Debunking Misconceptions: Scorpions

For the past five months I have been working at the Royal Ontario Museum’s “Spiders: Fear & Fascination” exhibition as a full-time spider wrangler, taking care of the live spiders and scorpions, as well as performing live venom extractions. One of the most common interactions I have at the museum are with people looking to confirm certain misconceptions about venomous arachnids. There is a lot of information available out there, and I understand it can be overwhelming and confusing. The sad truth is that a lot of it is also incorrect.  So I thought I should add my voice to the mix, maybe it will help someone who comes across my blog.

Tail and stinger of an Asian forest scorpion (Heterometrus petersii)

Tail and stinger of an Asian forest scorpion (Heterometrus petersii)

First off, nature does not fall neatly into boxes. This is something I emphasize a lot on this blog. It is in our own habit to look for consistency in the world around us, in order to establish some rules that nature follows. Maybe we do it in hopes of controlling and predicting certain happenings in order to live a stress-free life. However, in reality nature has its own laws and does not bend to our desires. The same goes for lumping venomous animals as a group. The search for consistency has led people to come up with guidelines for recognizing venomous animals. The problem is that in nature there is a great deal of deception. On one hand harmless animals try to pass as dangerous ones, and on the other hand medically significant animals may look harmless. It is hard to put all the animals possessing potent venom under the same umbrella, grouped by a single or a couple of characters. They are very different, each species is unique. Are you familiar with the rhyme for distinguishing true coral snakes from their mimics in the US? Take that rhyme across the border to Latin America and it becomes useless. That is because nature does not follow our rules. Let’s demonstrate this with some of the misconceptions surrounding scorpions.

Misconception #1: Is it poisonous?

Let’s start from the beginning. Poison consists of one or more toxins that can do harm when ingested or absorbed through tissue. As far as we know, there are no poisonous scorpions in existence. You can eat scorpions without worries, if that is your thing… However, people who present this question often mean to ask whether scorpions are venomous. Venom, as opposed to poison, is a chemical cocktail that is injected through the tissue into the bloodstream by a needle-like apparatus (stinger, fang, or spine). All scorpions are venomous. It is one of the defining features of the entire arachnid order Scorpiones (along with possessing a pair of grasping pedipalps called chelae or pincers, as well as a tail bearing a stinger). The venom potency is ranked using a unit called LD50 (abbreviation of “Lethal Dose 50%”), which indicates the amount of venom required for killing 50% of the population. The lower the LD50 value, the stronger the venom. In this post I will not discuss LD50 values, I will briefly mention potency as a qualitative character only.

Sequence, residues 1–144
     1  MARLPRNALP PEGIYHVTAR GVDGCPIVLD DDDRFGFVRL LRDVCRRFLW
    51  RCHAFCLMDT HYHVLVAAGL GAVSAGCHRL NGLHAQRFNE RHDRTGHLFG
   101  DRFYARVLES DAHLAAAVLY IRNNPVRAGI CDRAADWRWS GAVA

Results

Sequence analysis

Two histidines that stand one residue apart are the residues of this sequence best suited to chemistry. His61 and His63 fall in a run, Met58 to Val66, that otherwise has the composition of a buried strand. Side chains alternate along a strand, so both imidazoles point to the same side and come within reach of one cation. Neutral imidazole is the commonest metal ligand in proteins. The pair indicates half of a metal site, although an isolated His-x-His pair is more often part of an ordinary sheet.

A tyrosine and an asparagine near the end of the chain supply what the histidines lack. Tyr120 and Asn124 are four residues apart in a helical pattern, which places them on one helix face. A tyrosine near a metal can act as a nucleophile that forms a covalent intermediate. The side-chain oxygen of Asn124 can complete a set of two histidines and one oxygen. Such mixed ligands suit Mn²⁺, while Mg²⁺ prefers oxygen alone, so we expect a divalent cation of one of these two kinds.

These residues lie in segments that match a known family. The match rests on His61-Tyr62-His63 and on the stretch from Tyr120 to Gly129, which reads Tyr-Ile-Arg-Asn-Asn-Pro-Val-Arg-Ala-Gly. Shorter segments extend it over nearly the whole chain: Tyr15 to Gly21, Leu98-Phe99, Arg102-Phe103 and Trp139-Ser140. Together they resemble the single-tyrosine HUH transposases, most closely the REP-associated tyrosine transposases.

Black fat–tailed scorpion (Androctonus bicolor) from Israel. This genus is very diverse and contains many highly venomous species, as well as some with mild venom.

Black fat–tailed scorpion (Androctonus bicolor) from Israel. This genus is very diverse and contains many highly venomous species, as well as some with mild venom.

Misconception #2: Small scorpions are more dangerous than big ones

This misconception is largely false, and can be broken into two parts. First, size has no bearings on how potent a certain species of scorpion can be. There are small species of scorpions that can be dangerous (mostly members of family Buthidae) as well as large sized species with the same level of potency if not higher (Buthidae again in this case). But we can even take this further and discuss size difference within the same species. In a species with potent venom, smaller sized juveniles carry the exact same venom as adults and have the same level of potency, and can still be dangerous. The smaller size usually means that they can only inject a smaller amount of venom when provoked, and they may not even be able to pierce our skin while stinging. It does not mean that we should carelessly start handling baby scorpions, but their potential for causing harm is lower.

This small scorpion (Compsobuthus schmiedeknechti) from Israel is considered harmless and yet it packs quite a punch when it comes to stings. I have had the misfortune of spending four hours with a numb hand after being tagged by this species.

This small scorpion (Compsobuthus schmiedeknechti) from Israel is considered harmless and yet it packs quite a punch when it comes to stings. I have had the misfortune of spending four hours with a numb hand after being tagged by this species.

Israel pillar tail scorpion (Orthochirus scrobiculosus negebensis) is another small-sized, non-dangerous species. Its sting is often compared to being struck with red hot steel, but otherwise it does not cause any clinical complications.